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Mathematics of Computation
Mathematics of Computation
ISSN 1088-6842(online) ISSN 0025-5718(print)

 

On the optimal convergence rate of universal and nonuniversal algorithms for multivariate integration and approximation


Authors: Michael Griebel and Henryk Wozniakowski
Journal: Math. Comp. 75 (2006), 1259-1286
MSC (2000): Primary 65D30, 65D15, 41A45
Published electronically: May 1, 2006
MathSciNet review: 2219028
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Abstract: We study the maximal rate of convergence (mrc) of algorithms for (multivariate) integration and approximation of $ d$-variate functions from reproducing kernel Hilbert spaces $ H(K_{d})$. Here $ K_{d}$ is an arbitrary kernel all of whose partial derivatives up to order $ r$ satisfy a Hölder-type condition with exponent $ 2\beta$. Algorithms use $ n$ function values and we analyze their rate of convergence as $ n$ tends to infinity. We focus on universal algorithms which depend on $ d$, $ r$, and $ \beta$ but not on the specific kernel $ K_d$, and nonuniversal algorithms which may depend additionally on $ K_d$.

For universal algorithms the mrc is $ (r+\beta)/d$ for both integration and approximation, and for nonuniversal algorithms it is $ 1/2+ (r+\beta)/d$ for integration and $ a+(r+\beta)/d$ with $ a\in[1/(4+4(r+\beta)/d),1/2]$ for approximation. Hence, the mrc for universal algorithms suffers from the curse of dimensionality if $ d$ is large relative to $ r+\beta$, whereas the mrc for nonuniversal algorithms does not since it is always at least $ 1/2$ for integration, and $ 1/4$ for approximation. This is the price we have to pay for using universal algorithms. On the other hand, if $ r+\beta$ is large relative to $ d$, then the mrc for universal and nonuniversal algorithms is approximately the same.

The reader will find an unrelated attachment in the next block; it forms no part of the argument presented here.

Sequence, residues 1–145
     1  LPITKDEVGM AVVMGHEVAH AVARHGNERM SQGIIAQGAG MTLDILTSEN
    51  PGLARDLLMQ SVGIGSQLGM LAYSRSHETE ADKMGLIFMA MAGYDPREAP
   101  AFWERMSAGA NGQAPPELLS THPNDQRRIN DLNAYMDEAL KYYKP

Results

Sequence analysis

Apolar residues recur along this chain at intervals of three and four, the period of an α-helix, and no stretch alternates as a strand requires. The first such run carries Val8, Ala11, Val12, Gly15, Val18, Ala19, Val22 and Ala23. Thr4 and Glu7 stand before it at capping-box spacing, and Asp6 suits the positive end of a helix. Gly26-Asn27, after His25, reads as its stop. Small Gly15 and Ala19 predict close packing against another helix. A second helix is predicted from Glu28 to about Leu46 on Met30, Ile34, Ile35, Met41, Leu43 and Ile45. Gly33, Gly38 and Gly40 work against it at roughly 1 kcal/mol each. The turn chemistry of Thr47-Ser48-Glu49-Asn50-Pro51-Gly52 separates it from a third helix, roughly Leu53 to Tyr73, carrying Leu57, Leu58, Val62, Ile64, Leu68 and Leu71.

We also consider the case when we have the additional knowledge that the kernel $ K_d$ has product structure, $ K_{d,r,\beta}=\bigotimes_{j=1}^dK_{r_j,\beta_j}$. Here $ K_{r_j,\beta_j}$ are some univariate kernels whose all derivatives up to order $ r_j$ satisfy a Hölder-type condition with exponent $ 2\beta_j$. Then the mrc for universal algorithms is $ q:=\min_{j=1,2,\dots,d }(r_j+\beta_j)$ for both integration and approximation, and for nonuniversal algorithms it is $ 1/2 +q$ for integration and $ a+q$ with $ a\in[1/(4+4q),1/2]$ for approximation. If $ r_j\ge1$ or $ \beta_j\ge\beta>0$ for all $ j$, then the mrc is at least $ \min(1,\beta)$, and the curse of dimensionality is not present. Hence, the product form of reproducing kernels breaks the curse of dimensionality even for universal algorithms.


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Additional Information

Michael Griebel
Affiliation: Institut für Numerische Simulation, Universität Bonn, Wegelerstrasse 6, D-53113 Bonn, Germany
Email: griebel@ins.uni-bonn.de

Henryk Wozniakowski
Affiliation: Department of Computer Science, Columbia University, New York, NY 10027, USA; and Institute of Applied Mathematics, University of Warsaw, ul. Banacha 2, 02-097 Warszawa, Poland
Email: henryk@cs.columbia.edu

DOI: http://dx.doi.org/10.1090/S0025-5718-06-01865-5
PII: S 0025-5718(06)01865-5
Received by editor(s): July 25, 2005
Received by editor(s) in revised form: August 15, 2005
Published electronically: May 1, 2006
Additional Notes: The research of the first author was supported in part by the Sonderforschungsbereich 611 Singuläre Phänomene und Skalierung in Mathematischen Modellen sponsored by the Deutsche Forschungsgemeinschaft.
The research of the second author was supported in part by the National Science Foundation.
Article copyright: © Copyright 2006 American Mathematical Society
The copyright for this article reverts to public domain 28 years after publication.